The PCI-Express (PCIe) standard is emerging as a key component in the drive to establish virtual I/O communications for data centers burdened by the increased data demands of server and storage virtualization.
It turns out that the same communications protocol that allows servers and processors to communicate with each other in the rack can also be extended to other racks, arrays and network devices.
NextIO took a major step in bringing PCIe to the virtual I/O forefront this week with the launch of a pair of "I/O gateway" products designed to provide seamless connectivity to network endpoints using standard drivers. The N1400-PCM high-speed switch module and the N28000-ICA I/O consolidation appliance are the first in what the company says will be a line of ExpressConnect products under the ioGateway label.
The N1400-PCM system allows blade servers to extend the PCIe signal outside of the chassis to deliver up to 35 Gbps of I/O throughput, while the N2800-ICA unit offers a flexible framework that allows up to 14 PCIe devices to be connected and partitioned among either blade or rack servers.
Chris Pettey, CTO and co-founder of NextIO, told me that the company's goal is to do away with the idea of fixed connectivity between servers, computers and NICs, HBAs and other network devices.
"Fixed connectivity between the server and outlying devices has a number of problems," he said. "The server has a fixed function capability, so there's not a whole lot of I/O options. There's also a lot of wasted bandwidth because you have to tremendously over-provision the system for the types of applications you want to run, especially when you get into virtualization and the number and types of applications on the server is destined to change."
Pettey added that by using the natural PCIe interconnect that is already spoken by nearly every server and chipset today, enterprises can separate the server from the I/O infrastructure to add greater flexibility to the network. And since PCIe gives most chipsets upwards of 60 Gb of raw throughput to begin with, the system is already prepped for 10G, 40G or even 100G performance.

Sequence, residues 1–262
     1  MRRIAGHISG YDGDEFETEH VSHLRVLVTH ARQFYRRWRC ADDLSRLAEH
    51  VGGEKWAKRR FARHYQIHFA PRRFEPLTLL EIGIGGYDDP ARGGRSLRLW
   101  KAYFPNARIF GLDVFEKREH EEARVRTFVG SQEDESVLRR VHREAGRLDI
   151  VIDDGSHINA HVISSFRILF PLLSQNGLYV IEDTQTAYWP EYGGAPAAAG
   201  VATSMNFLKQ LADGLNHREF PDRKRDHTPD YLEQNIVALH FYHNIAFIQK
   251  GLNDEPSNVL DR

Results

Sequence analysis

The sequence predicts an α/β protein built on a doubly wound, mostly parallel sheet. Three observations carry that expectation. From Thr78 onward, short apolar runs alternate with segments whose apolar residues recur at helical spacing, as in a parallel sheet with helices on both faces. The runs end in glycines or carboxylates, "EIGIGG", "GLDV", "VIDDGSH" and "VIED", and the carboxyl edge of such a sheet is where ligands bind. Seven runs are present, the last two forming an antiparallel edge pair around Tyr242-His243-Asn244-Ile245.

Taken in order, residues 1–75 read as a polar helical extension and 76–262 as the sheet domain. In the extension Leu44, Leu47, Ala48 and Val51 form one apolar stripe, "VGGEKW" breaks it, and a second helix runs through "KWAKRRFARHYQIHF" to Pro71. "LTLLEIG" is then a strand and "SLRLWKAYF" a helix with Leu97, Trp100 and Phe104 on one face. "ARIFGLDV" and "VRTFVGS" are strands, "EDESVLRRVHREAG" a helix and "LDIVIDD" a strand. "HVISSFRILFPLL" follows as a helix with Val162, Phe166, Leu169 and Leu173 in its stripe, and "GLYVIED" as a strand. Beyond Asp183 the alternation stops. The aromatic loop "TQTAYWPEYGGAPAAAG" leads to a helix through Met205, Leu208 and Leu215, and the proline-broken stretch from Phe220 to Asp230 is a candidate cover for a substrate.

"It's a fixed amount of bandwidth, but rather than dedicate all of it to one technology, we spread it across all available technologies," Pettey said. "If more bandwidth is required, we can add it very easily. You have one PCIe-based infrastructure that gives you direct access right out of the rack for Fibre Channel, Ethernet, Infiniband, SAS or whatever you want."
PCIe is turning up in a number of virtual I/O-related capacities. Last month, LeCroy Corp. unveiled a new protocol analyzer, the T2-16, designed to support the Single-Root I/O Virtualization (SR-OIV) and Multi-Root I/O Virtualization (MR-IOV) standards aimed at allowing PCIe devices to work across multiple devices. And Cavium Networks recently introduced the Octeon Plus line of PCIe accelerator cards designed for TCP offload, deduplication and I/O virtualization systems.
Simplifying network architectures is a never-ending game in IT circles. A single interface for all servers, storage and network devices goes a long way toward accomplishing a truly unified approach to data center connectivity. PCIe is already in place, so it makes a lot of sense to use that as a starting point. There are some powerful entrenched interests that probably wouldn't like to see their technology become dependent on PCIe's good graces, but universality does have its advantages.